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With our newest product BrainPOP Science, middle schoolers are inspired to take the lead with their own learning through the exploration of real-world scientific phenomena.

Put students at the center with three-dimensional science

Disciplinary Core Ideas, Science and Engineering Practices, and Crosscutting Concepts are woven together to empower students to experience science as an interrelated world of inquiry, rather than static and separate sets of science concepts.

Benefits of three-dimensional science instruction


What is three-dimensional science?

Students see that their learning in class is interconnected and applicable to the world around them and are excited to jump into investigations.

Increases engagement with complex topics

Students learn to think scientifically and support claims with evidence by exploring phenomena, conducting investigations, and solving problems. 

Enhances scientific and critical thinking skills

Learning through an inquiry-driven foundation of scientific concepts and principles enables students to gain confidence in their test-taking abilities, without relying on rote memorization.

Boosts test-taking confidence

How the three dimensions work together

In BrainPOP Science, the three dimensions are woven together and throughout an investigation, like this one on seed dispersal.

Skills and activities needed to investigate the natural world and to design, build, and test solutions to problems. 

Science and Engineering Practices (SEPs)

Fundamental scientific concepts and principles needed to understand the natural world. 

Disciplinary Core
Ideas (DCIs)

Overarching themes that cut across all scientific disciplines and connect real-world concepts to one another.

Crosscutting Concepts

Guiding Question 

"Why does fruit have seeds?”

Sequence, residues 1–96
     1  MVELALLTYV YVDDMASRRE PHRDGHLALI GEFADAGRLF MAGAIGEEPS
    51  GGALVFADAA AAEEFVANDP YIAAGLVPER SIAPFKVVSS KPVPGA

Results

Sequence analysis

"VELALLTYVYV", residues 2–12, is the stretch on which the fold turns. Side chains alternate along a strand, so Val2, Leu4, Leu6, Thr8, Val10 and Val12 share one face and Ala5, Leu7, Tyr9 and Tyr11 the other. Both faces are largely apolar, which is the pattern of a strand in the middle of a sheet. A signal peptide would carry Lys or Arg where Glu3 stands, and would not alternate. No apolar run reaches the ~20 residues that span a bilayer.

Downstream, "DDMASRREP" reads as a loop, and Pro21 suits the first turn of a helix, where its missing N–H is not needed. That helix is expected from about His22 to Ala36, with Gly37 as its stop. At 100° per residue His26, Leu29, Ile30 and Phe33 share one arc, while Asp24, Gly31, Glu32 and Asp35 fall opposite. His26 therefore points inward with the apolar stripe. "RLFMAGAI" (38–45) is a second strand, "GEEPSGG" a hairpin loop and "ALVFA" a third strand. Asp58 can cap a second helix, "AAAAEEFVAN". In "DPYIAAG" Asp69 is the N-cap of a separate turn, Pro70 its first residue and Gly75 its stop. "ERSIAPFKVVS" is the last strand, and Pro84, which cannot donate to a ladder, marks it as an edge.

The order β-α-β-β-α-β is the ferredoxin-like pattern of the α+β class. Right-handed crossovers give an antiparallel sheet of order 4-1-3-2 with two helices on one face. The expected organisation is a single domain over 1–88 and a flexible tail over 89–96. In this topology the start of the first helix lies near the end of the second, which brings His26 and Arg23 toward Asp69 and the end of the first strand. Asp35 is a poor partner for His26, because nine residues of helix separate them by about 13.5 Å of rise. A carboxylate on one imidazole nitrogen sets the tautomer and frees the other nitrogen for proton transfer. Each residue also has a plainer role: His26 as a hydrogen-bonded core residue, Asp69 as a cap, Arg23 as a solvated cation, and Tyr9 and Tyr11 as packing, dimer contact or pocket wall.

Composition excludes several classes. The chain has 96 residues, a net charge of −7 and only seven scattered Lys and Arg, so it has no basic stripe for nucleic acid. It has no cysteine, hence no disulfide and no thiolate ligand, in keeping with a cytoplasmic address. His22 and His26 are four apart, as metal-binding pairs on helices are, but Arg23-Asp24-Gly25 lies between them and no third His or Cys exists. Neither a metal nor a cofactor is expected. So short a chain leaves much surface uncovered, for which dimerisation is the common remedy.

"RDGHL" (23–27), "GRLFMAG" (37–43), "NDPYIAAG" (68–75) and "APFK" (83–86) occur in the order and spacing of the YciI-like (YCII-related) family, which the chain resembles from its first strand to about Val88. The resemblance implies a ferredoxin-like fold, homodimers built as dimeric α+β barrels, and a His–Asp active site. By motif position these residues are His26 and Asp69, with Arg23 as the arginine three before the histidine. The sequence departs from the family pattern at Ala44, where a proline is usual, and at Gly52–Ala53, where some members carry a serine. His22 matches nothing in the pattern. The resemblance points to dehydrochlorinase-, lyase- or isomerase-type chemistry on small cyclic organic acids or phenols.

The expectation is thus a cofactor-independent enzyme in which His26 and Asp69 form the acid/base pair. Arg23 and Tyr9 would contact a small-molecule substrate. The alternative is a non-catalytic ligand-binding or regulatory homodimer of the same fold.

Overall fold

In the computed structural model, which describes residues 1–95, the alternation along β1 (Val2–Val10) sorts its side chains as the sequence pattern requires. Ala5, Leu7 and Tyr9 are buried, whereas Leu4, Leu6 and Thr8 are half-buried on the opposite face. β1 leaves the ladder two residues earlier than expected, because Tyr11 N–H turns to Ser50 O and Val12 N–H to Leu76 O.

Whole dragonfruit
Dragon fruit cut in half

Students explore the 
structure and function of fruit, seeds, and flowers
to provide evidence-based explanations of how 
animal-mediated seed dispersal supports planet populations.

Dragon fruit cut in half
Dragon fruit cut in half

Investigation Objective


Apply scientific ideas, principles, and/or evidence to construct, revise and/or use an explanation for real-world phenomena, examples, or events.

Constructing Explanations and Designing Solutions

Develop and/or use a model to predict and/or describe phenomena.

Developing and Using Models

To activate inquiry-driven learning, students are introduced to phenomena and answer prompts to connect with prior knowledge.

Clip of someone cutting a dragon fruit in half


Plants reproduce in a variety of ways, sometimes depending on animal behavior and specialized features for reproduction.

Growth and Development of Organisms

Multiple types of formative assessments check for understanding and include quizzes that mimic high-stakes testing.

Checkpoint for an investigation. Use the word bank to complete the sentence: After a flower is germinated, its petals fall off and a (blank) begins to form.


Complex and microscopic structures and systems can be visualized, modeled, and used to describe how their function depends on the shapes, composition, and relationships among its parts, therefore complex natural structures/systems can be analyzed to determine how they function.

Structure and Function


Graphs, charts, and images can be used to identify patterns in data.

Students deepen their understanding of what they are learning by manipulating data comparing the mass and number of seeds in a variety of fruits.

Chart comparing seeds per fruit and mass

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How do I get students to be at the center of their own learning in three-dimensional science?


How do I get my students to use three-dimensional science vocabulary in their work?

How to get started with
three-dimensional science

Q & A


How do I incorporate phenomena into my three-dimensional science units?


Include real-world phenomena that are observable, interesting, relatable, and aligned to the appropriate standard. Give space for students to investigate, make connections, and debate like scientists while backing up their claims with evidence.

Kick off investigations with a guiding question to spark curiosity. By simply restructuring the order of your lesson, you set inquiry-driven learning in motion and empower students to ask questions while building a strong science foundation.


Model SEP and CCC vocabulary and have lists on hand in the classroom for reference. Prompt students with crosscutting sentence stems and set the expectation that students support their responses with evidence.